With the demise of the Pennsylvania Railroad in 1968 and the near-death of American passenger trains around the same time, the market for electric engines dried up. Designing new electric locomotives became a lost art in the United States. Not so in Europe, however, where overhead wires were the dominant source of motive power, and virtually every country had a thriving national passenger carrier. It was no wonder, then, that Amtrak turned to Europe in 1977 for a replacement for its aging fleet of ex-Pennsy GG1 locomotives - after an earlier effort, the General Electric E60, had been a bust.
In a contest reminiscent of the 1934 competition between General Electric and Baldwin-Westinghouse designs that spawned the GG1, Amtrak imported a Swedish and a French electric to vie for the title of the G's successor. The four-axle Swedish design proved more suited to American track than its 6-axle French rival, and Amtrak placed an initial order for 30 locomotives. Trucks and electrical gear were made in Sweden by ASEA (Allmänna Svenska Elektriska Atkiebolaget), bodies came from the Budd Company, and American diesel-builder EMD did the final assembly. Officially named the AEM-7 ("A" for ASEA, "EM" for EMD, and "7" for 7,000 horsepower), the engines were soon affectionately dubbed "toasters" for the boxy silver appearance or "Swedish Meatballs." Flying Toasters might have been more appropriate; with nearly half again as much power as a GG1, they can do 125 mph and were the fastest thing on American rails until the Acela arrived. For more than two decades, the Toasters have been the backbone of service on the Northeast Corridor, and today nearly all of them are still in service alongside more modern HHP-8 engines and Acela trainsets.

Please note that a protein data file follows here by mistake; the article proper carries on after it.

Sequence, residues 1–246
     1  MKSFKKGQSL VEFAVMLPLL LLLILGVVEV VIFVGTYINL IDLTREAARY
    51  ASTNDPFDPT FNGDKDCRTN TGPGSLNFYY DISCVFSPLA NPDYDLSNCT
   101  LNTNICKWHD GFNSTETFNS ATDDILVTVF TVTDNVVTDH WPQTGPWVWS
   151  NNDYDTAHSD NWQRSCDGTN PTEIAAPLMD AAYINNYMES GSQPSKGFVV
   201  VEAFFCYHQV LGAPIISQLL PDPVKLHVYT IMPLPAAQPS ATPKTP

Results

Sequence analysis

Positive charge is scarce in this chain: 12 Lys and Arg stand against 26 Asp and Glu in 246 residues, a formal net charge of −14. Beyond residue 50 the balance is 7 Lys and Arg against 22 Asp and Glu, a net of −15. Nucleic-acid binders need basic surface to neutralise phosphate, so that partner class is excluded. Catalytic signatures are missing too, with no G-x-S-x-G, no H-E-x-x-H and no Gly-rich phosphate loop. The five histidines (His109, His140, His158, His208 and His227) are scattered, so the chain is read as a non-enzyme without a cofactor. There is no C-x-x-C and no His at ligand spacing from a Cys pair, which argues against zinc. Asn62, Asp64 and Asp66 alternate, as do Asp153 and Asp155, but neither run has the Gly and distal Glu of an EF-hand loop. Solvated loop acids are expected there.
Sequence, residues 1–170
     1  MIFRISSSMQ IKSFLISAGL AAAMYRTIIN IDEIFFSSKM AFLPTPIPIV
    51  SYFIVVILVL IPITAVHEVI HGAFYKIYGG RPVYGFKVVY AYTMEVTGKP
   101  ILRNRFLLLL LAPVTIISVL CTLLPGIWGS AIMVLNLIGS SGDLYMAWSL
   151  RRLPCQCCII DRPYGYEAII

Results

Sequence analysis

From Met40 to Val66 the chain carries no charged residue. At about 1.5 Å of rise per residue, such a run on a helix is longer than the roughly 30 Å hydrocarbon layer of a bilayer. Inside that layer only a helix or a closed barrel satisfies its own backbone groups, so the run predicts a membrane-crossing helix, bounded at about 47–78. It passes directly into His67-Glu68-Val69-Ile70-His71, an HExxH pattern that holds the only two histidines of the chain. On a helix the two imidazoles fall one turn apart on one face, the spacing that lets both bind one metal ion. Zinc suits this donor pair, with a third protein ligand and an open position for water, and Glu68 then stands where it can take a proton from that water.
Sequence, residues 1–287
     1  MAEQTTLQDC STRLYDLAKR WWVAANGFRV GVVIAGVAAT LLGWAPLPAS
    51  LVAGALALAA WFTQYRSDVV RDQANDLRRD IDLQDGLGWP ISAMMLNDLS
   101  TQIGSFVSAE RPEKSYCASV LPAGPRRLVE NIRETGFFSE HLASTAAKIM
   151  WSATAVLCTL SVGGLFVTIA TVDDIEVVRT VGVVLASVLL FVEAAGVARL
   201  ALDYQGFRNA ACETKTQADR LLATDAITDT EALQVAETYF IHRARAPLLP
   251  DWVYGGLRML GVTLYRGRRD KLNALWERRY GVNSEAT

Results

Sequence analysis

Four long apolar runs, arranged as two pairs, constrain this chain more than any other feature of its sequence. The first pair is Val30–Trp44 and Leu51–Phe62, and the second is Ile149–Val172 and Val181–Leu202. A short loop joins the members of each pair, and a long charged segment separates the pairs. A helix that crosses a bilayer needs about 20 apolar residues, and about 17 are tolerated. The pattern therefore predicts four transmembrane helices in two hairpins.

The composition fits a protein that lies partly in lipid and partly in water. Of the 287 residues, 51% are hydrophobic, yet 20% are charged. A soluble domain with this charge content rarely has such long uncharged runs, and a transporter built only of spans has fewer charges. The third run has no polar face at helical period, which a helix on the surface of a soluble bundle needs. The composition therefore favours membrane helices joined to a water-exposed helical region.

The AEM-7 returns to the Premier line for 2008, complete with twin motors that give it the same extraordinary power as its prototype. For 2008, we offer the Toaster in its original Amtrak paint scheme and decorated for Maryland's MARC and Pennsylvania's SEPTA - regional roads that also roster AEM-7s - as well as New Jersey Transit, which imported the near-identical ALP-44 direct from Sweden after production of AEM-7s had ended. Amtrak AEM-7s have occasionally doubleheaded with MARC and SEPTA units, and NJ Transit has sometimes borrowed SEPTA units, so there is certainly a prototype for modelers who like to mix paint schemes. Also offered for the first time is the AEM-7AC in the newest Acela paint scheme. Like the nation's freight railroads, Amtrak has recognized that AC traction motors offer better performance and starting tractive effort than older DC motors, and more than half of the AEM-7 fleet has been upgraded to AC motors in a recent rebuilding program.